Temporary Rule Change Could End Tuberville's Blockade

Senate could vote on resolution next week, allowing passage of military promotions
By Rob Quinn,  Newser Staff
Posted Nov 10, 2023 9:09 AM CST
Temporary Rule Change Could End Tuberville's Blockade
Sen. Tommy Tuberville questions Navy Adm. Lisa Franchetti during a Senate Armed Services Committee hearing, Sept. 14, 2023, on Capitol Hill in Washington.   (AP Photo/Jacquelyn Martin)

Senators are trying to find a way around a one-man blockade that has thwarted more than 370 military promotions this year. Sen. Tommy Tuberville has been blocking promotions for nine months to protest the Pentagon's policy of paying for travel when a service member needs an out-of-state abortion. A temporary measure introduced by Democratic Sen. Jack Reed, chairman of the Armed Services Committee, would allow most promotions to be passed with a simple majority. Under current rules, a single senator can hold up batches of promotions. Democratic Sen. Amy Klobuchar tells NPR that she believes there will be enough Republican support for the measure to pass a possible vote next week.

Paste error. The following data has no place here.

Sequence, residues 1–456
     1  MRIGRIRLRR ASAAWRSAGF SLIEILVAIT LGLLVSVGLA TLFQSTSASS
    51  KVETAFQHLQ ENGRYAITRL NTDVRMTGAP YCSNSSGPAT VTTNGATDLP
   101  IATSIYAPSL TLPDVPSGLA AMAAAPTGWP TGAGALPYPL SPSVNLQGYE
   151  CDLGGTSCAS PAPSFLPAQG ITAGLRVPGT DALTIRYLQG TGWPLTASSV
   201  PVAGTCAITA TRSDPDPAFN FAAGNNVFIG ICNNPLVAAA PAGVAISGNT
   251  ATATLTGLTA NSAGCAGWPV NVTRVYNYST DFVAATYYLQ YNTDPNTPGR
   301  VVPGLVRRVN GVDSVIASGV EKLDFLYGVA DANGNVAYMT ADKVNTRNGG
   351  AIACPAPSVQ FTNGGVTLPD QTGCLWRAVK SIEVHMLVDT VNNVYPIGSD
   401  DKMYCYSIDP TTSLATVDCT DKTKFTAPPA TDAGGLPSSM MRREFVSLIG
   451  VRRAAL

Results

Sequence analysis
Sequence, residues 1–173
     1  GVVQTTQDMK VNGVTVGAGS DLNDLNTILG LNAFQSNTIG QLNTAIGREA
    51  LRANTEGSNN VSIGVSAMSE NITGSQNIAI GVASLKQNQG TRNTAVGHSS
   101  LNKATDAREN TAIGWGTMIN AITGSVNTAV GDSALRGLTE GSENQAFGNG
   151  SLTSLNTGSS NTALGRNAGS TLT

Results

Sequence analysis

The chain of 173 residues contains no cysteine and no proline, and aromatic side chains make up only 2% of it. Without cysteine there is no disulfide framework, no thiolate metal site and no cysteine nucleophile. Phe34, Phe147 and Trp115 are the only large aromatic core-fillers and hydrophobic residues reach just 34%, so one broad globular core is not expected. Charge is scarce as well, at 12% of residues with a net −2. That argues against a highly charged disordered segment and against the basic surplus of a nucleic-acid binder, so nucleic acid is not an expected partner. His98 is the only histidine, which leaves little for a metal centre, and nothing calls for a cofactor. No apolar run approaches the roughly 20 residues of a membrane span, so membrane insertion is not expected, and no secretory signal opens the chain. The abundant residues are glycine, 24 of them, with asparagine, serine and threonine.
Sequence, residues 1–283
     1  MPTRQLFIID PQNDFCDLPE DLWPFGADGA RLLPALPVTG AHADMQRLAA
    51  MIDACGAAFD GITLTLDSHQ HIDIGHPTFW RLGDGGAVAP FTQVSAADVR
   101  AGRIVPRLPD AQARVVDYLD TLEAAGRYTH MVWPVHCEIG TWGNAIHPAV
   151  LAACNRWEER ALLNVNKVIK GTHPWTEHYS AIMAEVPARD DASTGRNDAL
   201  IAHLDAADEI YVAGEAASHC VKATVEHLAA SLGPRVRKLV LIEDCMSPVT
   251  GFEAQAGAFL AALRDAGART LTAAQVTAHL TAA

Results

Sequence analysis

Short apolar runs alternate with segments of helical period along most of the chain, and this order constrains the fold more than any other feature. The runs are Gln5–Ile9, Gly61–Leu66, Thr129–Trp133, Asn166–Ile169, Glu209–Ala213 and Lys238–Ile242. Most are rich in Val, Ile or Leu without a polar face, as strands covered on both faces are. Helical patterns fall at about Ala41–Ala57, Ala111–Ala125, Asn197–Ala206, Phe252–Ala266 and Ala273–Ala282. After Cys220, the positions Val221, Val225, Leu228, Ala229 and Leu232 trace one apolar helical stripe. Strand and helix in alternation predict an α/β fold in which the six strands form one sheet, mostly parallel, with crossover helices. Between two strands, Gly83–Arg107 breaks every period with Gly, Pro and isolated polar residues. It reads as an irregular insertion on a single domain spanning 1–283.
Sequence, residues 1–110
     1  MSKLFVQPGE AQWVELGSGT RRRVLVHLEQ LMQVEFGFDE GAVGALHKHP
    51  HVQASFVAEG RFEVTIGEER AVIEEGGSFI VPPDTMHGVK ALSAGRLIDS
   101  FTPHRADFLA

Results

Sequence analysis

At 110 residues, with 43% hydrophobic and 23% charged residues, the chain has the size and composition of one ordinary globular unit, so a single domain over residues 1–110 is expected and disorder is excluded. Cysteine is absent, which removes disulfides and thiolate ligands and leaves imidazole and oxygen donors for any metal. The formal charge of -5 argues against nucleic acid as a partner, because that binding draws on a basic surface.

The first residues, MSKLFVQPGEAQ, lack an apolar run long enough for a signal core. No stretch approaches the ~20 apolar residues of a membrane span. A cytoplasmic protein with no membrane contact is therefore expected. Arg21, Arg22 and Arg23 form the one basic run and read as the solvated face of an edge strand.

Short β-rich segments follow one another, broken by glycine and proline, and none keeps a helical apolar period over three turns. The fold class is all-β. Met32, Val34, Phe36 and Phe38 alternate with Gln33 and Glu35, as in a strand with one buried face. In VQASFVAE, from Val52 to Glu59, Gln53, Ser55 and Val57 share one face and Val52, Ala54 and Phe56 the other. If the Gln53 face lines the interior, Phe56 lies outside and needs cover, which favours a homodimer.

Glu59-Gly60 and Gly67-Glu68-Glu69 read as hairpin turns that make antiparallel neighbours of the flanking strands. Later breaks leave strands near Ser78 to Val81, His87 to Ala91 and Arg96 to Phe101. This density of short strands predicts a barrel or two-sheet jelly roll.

Last week, Republican senators turned on Tuberville over the blockade, with Sen. Lindsey Graham telling him it "is doing great damage to our military." Days earlier, overworked Marine Corps leader Gen. Eric Smith had a heart attack. A few promotions were confirmed last week, but Klobuchar says, "If we voted on them individually, we would literally be going through the year and the government would shut down." Independent Sen. Krysten Sinema helped craft the plan to get around Tuberville, working to ensure that it is a temporary resolution that can pass with 60 votes, not a permanent rules change that would require 67 votes, reports Politico.

The measure will be before the Senate Rules Committee on Tuesday and there will be a vote of the full Senate if it is approved. Klobuchar, who would like to see a permanent rules change to prevent similar blockades in future, rejects Tuberville's argument that the military should just "delegate" like he did when he was a football coach. "This isn't a game, Senator Tuberville," she says. "It's not a football game. It's real life." The AP reports that Tuberville's position appears to be softening under heavy pressure from fellow Republicans. After a caucus meeting Tuesday, he suggested that he could lift the blockade under certain circumstances. "I went in with one or two options. I've come out with five or six," he said. (More US military stories.)

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